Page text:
As the resident household chemist, my college-age kids have routinely asked me to check chemistry problems for them—and I’m happy to do so. That said, sometimes I get stuck, and this is not fun for them or me, after all, I am expected to be the domain knowledge expert! Recently, we had a particularly challenging problem come up, and neither of us was able to get the correct answer.
When I was a student (many moons ago), there were answers at the back of the text for the odd exercises. If you were lucky, there was a solutions guide for all the practice problems. With online materials, every answer is available, and many have examples on how to solve the exercises, and for this particular case, when the solution was requested, we were presented with a single equation that incorporated all the information provided in the problem with the unknown variable, x, appearing on both sides of the equation. Below, the equation was the answer.
x = 0.217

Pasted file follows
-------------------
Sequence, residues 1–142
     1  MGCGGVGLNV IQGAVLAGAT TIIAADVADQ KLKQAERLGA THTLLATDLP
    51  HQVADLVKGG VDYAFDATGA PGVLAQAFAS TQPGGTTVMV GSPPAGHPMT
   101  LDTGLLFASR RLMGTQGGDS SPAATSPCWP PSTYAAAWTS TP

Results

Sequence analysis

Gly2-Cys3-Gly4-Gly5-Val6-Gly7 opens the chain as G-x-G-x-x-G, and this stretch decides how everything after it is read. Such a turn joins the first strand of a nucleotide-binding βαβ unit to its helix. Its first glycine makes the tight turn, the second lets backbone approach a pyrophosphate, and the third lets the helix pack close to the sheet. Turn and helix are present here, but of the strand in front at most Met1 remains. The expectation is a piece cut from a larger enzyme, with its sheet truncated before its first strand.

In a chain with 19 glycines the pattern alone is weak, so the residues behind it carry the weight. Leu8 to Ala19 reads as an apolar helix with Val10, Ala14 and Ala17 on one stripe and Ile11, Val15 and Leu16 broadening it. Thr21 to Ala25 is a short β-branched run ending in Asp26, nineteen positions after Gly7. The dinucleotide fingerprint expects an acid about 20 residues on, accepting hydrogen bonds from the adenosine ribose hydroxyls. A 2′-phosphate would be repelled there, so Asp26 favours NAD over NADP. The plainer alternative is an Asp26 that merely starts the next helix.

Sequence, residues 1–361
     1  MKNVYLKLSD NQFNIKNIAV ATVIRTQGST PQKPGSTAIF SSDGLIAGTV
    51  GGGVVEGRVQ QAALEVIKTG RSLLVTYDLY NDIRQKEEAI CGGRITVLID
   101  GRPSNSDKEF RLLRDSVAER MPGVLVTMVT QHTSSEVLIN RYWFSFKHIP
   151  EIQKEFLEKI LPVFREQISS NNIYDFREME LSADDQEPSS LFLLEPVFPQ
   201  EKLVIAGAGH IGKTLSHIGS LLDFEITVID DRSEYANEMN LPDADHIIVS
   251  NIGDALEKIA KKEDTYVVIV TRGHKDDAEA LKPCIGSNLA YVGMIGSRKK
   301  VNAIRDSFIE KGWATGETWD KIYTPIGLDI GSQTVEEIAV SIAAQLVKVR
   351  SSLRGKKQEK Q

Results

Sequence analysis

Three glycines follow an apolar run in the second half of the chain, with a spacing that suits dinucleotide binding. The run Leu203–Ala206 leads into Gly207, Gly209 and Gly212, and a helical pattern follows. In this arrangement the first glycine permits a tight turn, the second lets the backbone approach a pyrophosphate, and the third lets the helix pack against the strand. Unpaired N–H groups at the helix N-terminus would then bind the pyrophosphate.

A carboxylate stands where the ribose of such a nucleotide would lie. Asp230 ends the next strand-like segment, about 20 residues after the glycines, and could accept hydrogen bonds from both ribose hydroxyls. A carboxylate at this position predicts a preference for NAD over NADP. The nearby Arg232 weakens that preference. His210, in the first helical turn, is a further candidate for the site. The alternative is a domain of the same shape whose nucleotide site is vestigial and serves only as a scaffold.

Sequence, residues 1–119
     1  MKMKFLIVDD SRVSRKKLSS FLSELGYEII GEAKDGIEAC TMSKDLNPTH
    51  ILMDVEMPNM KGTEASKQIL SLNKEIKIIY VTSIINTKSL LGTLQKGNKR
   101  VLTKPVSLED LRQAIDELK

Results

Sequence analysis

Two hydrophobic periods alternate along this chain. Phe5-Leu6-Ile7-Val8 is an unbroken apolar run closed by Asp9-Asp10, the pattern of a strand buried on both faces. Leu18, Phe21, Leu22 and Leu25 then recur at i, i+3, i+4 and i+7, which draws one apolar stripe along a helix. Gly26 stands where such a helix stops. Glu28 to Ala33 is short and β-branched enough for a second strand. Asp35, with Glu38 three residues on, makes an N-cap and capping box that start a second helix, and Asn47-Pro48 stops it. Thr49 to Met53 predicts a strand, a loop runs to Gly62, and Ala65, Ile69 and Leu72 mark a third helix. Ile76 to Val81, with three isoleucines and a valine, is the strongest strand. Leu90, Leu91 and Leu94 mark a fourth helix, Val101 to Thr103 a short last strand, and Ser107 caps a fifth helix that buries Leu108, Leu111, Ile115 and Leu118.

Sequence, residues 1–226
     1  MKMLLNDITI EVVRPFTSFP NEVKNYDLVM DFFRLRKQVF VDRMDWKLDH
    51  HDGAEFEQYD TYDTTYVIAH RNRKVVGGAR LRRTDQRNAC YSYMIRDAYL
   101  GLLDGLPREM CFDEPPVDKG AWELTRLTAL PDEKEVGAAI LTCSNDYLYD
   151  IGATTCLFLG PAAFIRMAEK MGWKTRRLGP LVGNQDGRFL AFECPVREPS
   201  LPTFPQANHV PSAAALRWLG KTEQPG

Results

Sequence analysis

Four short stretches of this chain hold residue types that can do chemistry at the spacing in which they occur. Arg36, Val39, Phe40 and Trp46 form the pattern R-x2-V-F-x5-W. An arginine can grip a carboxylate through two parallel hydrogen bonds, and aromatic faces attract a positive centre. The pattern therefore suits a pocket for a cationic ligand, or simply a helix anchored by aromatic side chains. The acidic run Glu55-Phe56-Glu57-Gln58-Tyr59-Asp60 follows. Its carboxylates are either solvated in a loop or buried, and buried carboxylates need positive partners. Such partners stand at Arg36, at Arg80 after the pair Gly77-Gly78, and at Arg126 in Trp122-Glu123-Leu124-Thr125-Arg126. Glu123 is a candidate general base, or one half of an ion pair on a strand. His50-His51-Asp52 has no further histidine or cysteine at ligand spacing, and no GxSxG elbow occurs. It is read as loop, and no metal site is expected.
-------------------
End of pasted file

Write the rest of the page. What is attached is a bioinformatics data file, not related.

I looked at the equation and then looked at the answer—repeatedly.
I don’t get frustrated with first-year chemistry too often, but this exercise was presenting a challenge and then to have the solution be nothing more than a single equation with no explanation left me exasperated.
I have no idea why the publisher didn’t include a real solution, after all, it’s not like they need to conserve trees, but summarizing a complex problem to a single equation without additional context was less than helpful. For my eventual solution, each step documented the progression from what was known, to the unknown, and when completed, we understood the scope of the problem and how this problem fit into the section.
Sometimes, all we need is the answer—0.217. Sometimes, we need more—or we need to provide more. Were all ten steps required for this problem? Maybe not as some steps may have been self-evident, but for complex issues, I would prefer to receive too much information as opposed to too little.